Monday, July 17, 2006

Peace or division?

This morning at Mass Jesus' words in the Gospel especially struck me: "I have not come to bring peace but division." Then he goes on to say how families will be divided because of him.

It's a mystery to ponder. I think that Jesus isn't saying he wants to deliberately cause division, but that knowing the realities of human life, his message will in fact divide people. Those who want to follow it will be divided from those who don't. I recall the vocation story of one young woman who tried religious life over the violent opposition of her parents. There are many others like that.

What are your thoughts about this Gospel passage?

Sunday, July 16, 2006

Our Lady of Mt. Carmel

Because it falls on Sunday this year, the feast of Our Lady of Mt. Carmel isn't celebrated in the liturgy. But here is a reflection on the scapular that I wrote a couple years ago for our FSP website:

Today’s feast, commonly associated with the scapular, can help us reflect on the Biblical theme concerning garments of salvation. The German word for scapular, “Gnadenkleid,” literally means “grace-garment.” Many references to garments and clothes are scattered throughout the Bible, beginning in Genesis: “And the Lord God made garments of skins for the man and for his wife, and clothed them” (Gen 3:21). After their sin, our first parents lost their innocence and needed to be clothed. This tender action can perhaps be seen as symbolizing the garments of grace that God would bestow through Jesus Christ.

Pure and clean garments came to symbolize grace and salvation, as the prophet Isaiah sang:

“I will greatly rejoice in the Lord,

my whole being shall exult in my God;

for he has clothed me with the garments of salvation,

he has covered me with the robe of righteousness,

as a bridegroom decks himself with a garland,

and as a bride adorns herself with her jewels.” (Isaiah 61:10)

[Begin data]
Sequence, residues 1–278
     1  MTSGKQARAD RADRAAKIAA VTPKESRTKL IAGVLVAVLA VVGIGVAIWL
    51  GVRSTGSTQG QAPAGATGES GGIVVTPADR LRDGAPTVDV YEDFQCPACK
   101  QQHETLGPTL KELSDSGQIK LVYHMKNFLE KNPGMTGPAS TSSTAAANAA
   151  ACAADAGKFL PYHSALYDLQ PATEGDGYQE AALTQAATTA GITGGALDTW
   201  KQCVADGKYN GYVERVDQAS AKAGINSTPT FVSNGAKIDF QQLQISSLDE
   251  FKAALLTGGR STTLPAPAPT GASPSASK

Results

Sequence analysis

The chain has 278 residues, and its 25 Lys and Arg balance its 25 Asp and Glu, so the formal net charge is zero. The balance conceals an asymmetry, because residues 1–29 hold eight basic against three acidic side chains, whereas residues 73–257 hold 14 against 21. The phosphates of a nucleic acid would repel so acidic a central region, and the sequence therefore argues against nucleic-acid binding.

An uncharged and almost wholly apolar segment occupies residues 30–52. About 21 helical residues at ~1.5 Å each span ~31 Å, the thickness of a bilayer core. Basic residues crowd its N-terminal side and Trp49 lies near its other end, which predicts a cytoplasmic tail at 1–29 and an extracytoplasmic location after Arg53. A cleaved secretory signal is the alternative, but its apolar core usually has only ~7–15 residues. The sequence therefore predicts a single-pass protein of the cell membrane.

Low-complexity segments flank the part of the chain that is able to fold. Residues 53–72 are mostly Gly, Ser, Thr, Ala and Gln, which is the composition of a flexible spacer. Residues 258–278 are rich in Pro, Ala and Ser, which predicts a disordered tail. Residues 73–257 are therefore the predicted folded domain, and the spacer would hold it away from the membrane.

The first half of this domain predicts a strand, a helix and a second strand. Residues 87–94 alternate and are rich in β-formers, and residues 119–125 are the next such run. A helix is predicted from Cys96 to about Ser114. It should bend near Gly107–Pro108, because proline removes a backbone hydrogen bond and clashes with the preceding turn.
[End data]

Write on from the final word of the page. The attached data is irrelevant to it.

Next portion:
This text is used in the Liturgy of the Hours for the Common of the Blessed Virgin Mary. Garments signify the gifts of grace that God adorns us with inwardly.

The last book of the Bible, Revelation, uses the theme of white garments to express the holiness of the saints, of those who have been through great trials and held fast to their faith: “Yet you still have still a few persons in Sardis who have not soiled their clothes; they will walk with me, dressed in white, for they are worthy. If you conquer, you will be clothed like them in white robes, and I will not blot your name out of the book of life; I will confess your name before my Father and before his angels” (Rev 3:4–5).

Perhaps today the scapular devotion is not as popular as it once was. But Catholicism, as a sacramental religion, uses such material symbols as signs of the deeper underlying inner reality of grace. The scapular is not meant to be something superstitious, like a talisman or a good luck charm. Wearing it expresses in a silent yet eloquent way our love for Mary and our confidence in her intercession and help.


The following prayer, called Flower of Carmel, is attributed to St. Simon Stock:

O Beautiful Flower of Carmel, most fruitful vine, splendor of heaven, holy and singular, who brought forth the Son of God, still ever remaining a pure virgin, assist us in our necessity! O Star of the Sea, help and protect us! Show us that you are our Mother! Our Lady of Mt. Carmel, pray for us!

Friday, July 14, 2006

Tunnel falling down

You've probably read about the poor woman who died last Monday night when a 3 ton concrete slab fell down from the ceiling of a Big Dig tunnel in Boston. It's caused an uproar here and rightly so. It's hard to believe that a project that cost 16 billion dollars (and counting) was done so poorly.

Now the news is reporting that hundreds of loose ceiling panels have been found. Having driven through those tunnels, it's certainly not a comforting thought to hear that!

All this got me thinking about having a good work ethic and taking pride in one's work. I don't know who's to blame for the tunnel fiasco, but somewhere along the line someone didn't do the job he was paid to do and supposed to do. Pope John Paul wrote an encyclical on human work, in which he pointed out that our work has a place in God's plan. Even if I'm cleaning the kitchen or mopping a floor, it has value if I offer it to God.

Wednesday, July 05, 2006

Pray from where you're at

The other night I was reading Peggy Noonan's biography of Ronald Reagan, When Character Was King." She recalled an interview with his daughter Patti who talked about prayer. She said something that I liked a lot. When she prays, she doesn't think that she first has to get herself all cleaned up, so to speak, but can talk to God from whatever spot she's in, no matter how messy. I really liked that because sometimes I can think I have to get myself "all together" before I pray. But God just wants to hear from us, whether it's just after an argument with someone, or in the midst of changing dirty diapers or whatever.

Saturday, July 01, 2006

Happy anniversary

Today is the 27th anniversary of my religious profession of vows. I thank God for all the graces he has given me through all of these years. Deo gratias!